The development expenditure for Youth Polytechnics in Kenya dropped last year, the Economic Survey 2016 report shows. The report shows that the expenditure dropped by a whopping 43 percent from KSh. 358 million in 2014 to KSh. 204 million in 2015. This will directly affect the enrolment in youth polytechnics.
There are currently 816 youth polytechnics in Kenya up from 701 in 2014. Two of these, Kisumu Polytechnic and Eldoret Polytechnic, are national polytechnics. In 2015, the total enrolment in all the youth polytechnics was 155,000. This was a marginal increase from the 2014 enrolment of 148,000 students. With the drop in government funding of these youth polytechnics, many youths who fail to enrol in secondary schools may not have anywhere else to go.
“In pursuit of the goals of Vision 2030, the youth are meant to provide the bedrock for the transformation of requisite human resource skills for technological and industrial transformation. This will then lead to increased wealth and social well-being as well as enhancement of the country’s international competitiveness”, says a 2012 UNDP/Republic of Kenya report on youth polytechnics.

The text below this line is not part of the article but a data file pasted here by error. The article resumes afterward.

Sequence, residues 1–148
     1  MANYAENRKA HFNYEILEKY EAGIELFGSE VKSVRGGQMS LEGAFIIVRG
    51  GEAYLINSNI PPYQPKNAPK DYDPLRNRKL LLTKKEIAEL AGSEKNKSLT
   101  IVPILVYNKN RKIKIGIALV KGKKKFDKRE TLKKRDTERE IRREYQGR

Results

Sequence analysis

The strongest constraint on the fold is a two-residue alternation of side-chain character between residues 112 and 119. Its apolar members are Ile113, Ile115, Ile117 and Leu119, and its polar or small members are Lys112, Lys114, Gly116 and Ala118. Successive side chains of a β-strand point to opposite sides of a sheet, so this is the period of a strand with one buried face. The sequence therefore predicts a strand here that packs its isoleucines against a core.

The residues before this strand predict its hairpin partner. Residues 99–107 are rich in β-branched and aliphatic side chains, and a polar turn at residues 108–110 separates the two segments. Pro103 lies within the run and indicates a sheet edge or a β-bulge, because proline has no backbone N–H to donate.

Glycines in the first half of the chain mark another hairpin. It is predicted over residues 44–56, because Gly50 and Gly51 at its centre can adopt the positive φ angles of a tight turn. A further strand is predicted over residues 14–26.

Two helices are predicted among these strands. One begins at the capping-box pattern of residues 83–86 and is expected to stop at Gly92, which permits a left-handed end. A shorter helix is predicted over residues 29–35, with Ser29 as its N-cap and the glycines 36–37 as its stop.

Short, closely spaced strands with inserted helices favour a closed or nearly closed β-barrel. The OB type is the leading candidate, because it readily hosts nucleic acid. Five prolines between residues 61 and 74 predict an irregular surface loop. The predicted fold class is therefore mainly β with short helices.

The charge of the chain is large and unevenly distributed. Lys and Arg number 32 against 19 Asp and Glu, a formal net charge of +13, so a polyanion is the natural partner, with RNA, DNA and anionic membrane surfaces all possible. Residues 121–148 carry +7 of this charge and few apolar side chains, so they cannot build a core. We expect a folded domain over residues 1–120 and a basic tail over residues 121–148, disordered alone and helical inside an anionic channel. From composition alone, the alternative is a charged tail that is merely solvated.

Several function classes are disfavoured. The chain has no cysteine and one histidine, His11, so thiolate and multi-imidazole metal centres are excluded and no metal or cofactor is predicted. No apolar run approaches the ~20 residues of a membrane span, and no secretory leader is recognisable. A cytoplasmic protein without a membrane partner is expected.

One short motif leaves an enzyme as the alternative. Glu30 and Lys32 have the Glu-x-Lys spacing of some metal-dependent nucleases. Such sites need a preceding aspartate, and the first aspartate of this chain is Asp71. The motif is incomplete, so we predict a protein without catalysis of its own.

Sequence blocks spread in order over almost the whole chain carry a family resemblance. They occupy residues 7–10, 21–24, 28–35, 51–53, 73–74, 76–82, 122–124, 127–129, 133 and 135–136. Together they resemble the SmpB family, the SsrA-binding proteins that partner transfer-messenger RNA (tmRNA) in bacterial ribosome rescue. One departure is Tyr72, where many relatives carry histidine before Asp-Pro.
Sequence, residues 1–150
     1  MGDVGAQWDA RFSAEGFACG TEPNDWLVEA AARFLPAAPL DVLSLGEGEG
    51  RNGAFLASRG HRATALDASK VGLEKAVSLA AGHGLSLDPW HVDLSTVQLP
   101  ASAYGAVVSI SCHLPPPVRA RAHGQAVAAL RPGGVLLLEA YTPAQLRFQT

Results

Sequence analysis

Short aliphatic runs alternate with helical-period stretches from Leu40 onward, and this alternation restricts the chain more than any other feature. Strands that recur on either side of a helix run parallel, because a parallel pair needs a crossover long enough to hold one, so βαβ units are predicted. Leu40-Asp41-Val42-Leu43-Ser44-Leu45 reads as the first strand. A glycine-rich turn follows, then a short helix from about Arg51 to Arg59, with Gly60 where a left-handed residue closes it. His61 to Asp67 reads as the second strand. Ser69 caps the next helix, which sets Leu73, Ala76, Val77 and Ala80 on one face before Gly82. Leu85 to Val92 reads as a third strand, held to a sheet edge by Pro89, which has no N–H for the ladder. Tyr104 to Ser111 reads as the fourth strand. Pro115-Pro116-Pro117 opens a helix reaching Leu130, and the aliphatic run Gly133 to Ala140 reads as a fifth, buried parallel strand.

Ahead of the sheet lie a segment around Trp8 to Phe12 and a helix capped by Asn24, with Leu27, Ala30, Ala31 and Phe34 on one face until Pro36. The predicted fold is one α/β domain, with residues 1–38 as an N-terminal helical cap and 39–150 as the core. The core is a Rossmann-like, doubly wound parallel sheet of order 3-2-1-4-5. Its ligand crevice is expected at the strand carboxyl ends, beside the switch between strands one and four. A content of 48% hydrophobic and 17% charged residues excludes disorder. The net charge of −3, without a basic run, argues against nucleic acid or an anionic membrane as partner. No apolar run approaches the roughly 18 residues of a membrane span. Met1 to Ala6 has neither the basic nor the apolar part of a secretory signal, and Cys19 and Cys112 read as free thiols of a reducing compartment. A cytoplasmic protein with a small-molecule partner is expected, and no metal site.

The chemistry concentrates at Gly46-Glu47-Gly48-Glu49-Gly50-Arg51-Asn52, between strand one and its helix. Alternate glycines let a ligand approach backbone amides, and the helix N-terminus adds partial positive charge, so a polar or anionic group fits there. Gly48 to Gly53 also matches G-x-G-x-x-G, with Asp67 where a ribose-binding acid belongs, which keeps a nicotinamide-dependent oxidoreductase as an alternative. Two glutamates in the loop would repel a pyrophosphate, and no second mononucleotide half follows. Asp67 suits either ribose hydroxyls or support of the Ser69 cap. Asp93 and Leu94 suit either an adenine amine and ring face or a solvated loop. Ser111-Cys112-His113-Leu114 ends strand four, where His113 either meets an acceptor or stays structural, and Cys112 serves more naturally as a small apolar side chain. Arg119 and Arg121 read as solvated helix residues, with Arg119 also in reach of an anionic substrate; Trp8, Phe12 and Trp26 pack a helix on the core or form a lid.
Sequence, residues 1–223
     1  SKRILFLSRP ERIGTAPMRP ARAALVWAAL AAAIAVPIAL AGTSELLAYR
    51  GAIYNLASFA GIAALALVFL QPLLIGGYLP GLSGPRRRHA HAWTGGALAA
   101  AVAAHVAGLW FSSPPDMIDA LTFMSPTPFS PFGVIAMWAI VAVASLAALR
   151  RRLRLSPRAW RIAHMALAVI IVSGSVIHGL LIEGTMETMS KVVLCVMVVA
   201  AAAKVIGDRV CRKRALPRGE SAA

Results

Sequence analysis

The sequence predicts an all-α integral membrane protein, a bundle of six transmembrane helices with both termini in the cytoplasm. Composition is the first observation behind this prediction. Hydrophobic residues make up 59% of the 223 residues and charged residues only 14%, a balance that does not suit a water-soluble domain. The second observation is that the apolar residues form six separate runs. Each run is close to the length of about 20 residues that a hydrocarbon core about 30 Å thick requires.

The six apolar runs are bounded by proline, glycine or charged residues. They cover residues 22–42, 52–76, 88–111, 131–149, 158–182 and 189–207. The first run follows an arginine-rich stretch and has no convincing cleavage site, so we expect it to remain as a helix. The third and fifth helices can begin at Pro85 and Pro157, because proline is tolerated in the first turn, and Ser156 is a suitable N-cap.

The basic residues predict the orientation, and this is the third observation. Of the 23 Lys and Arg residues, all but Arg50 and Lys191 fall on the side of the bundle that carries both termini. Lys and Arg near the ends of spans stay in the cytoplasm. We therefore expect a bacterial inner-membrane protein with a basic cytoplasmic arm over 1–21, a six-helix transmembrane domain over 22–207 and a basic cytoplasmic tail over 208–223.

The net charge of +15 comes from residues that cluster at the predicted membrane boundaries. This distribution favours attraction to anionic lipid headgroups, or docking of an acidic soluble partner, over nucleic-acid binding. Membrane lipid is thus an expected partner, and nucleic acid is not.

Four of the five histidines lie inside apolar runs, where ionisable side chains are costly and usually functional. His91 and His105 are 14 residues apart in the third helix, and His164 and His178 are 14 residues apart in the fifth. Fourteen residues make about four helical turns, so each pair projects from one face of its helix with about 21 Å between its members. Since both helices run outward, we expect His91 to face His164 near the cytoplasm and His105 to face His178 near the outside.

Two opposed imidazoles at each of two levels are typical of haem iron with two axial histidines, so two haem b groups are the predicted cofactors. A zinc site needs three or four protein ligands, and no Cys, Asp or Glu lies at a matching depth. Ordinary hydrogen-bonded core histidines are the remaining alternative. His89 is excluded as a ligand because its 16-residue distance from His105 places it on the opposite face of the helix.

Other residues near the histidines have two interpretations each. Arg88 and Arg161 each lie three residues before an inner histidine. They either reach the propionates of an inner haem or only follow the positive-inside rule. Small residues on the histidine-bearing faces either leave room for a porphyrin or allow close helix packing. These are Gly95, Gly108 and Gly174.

In Kenya, students who sit for KCPE move to either secondary schools or enrol for a craft certificate in a polytechnic or an industrial training institute. One can then enrol in a post-secondary school institution for a diploma or a certificate then for a bachelor’s degree in a university (see the diagram of educational system in Kenya).
Youth polytechnics play a critical role in equipping learners with practical skills such as masonry, carpentry, mechanics and tailoring for self or paid employment. A study conducted on the trends in youth polytechnics recommended that there is “need to continue financing youth polytechnics”. Therefore, the declining budgetary allocations to these important institutions will negatively affect the youth empowerment.
The current primary to secondary transition rate is 82 percent. While this has increased over the years, it means that of the 928,000 candidates who sat for KCPE in 2015, some 167,000 students missed secondary school chances. The youth polytechnics in Kenya cannot absorb all of them at the moment and more funding is required to improve the enrolment in these youth polytechnics.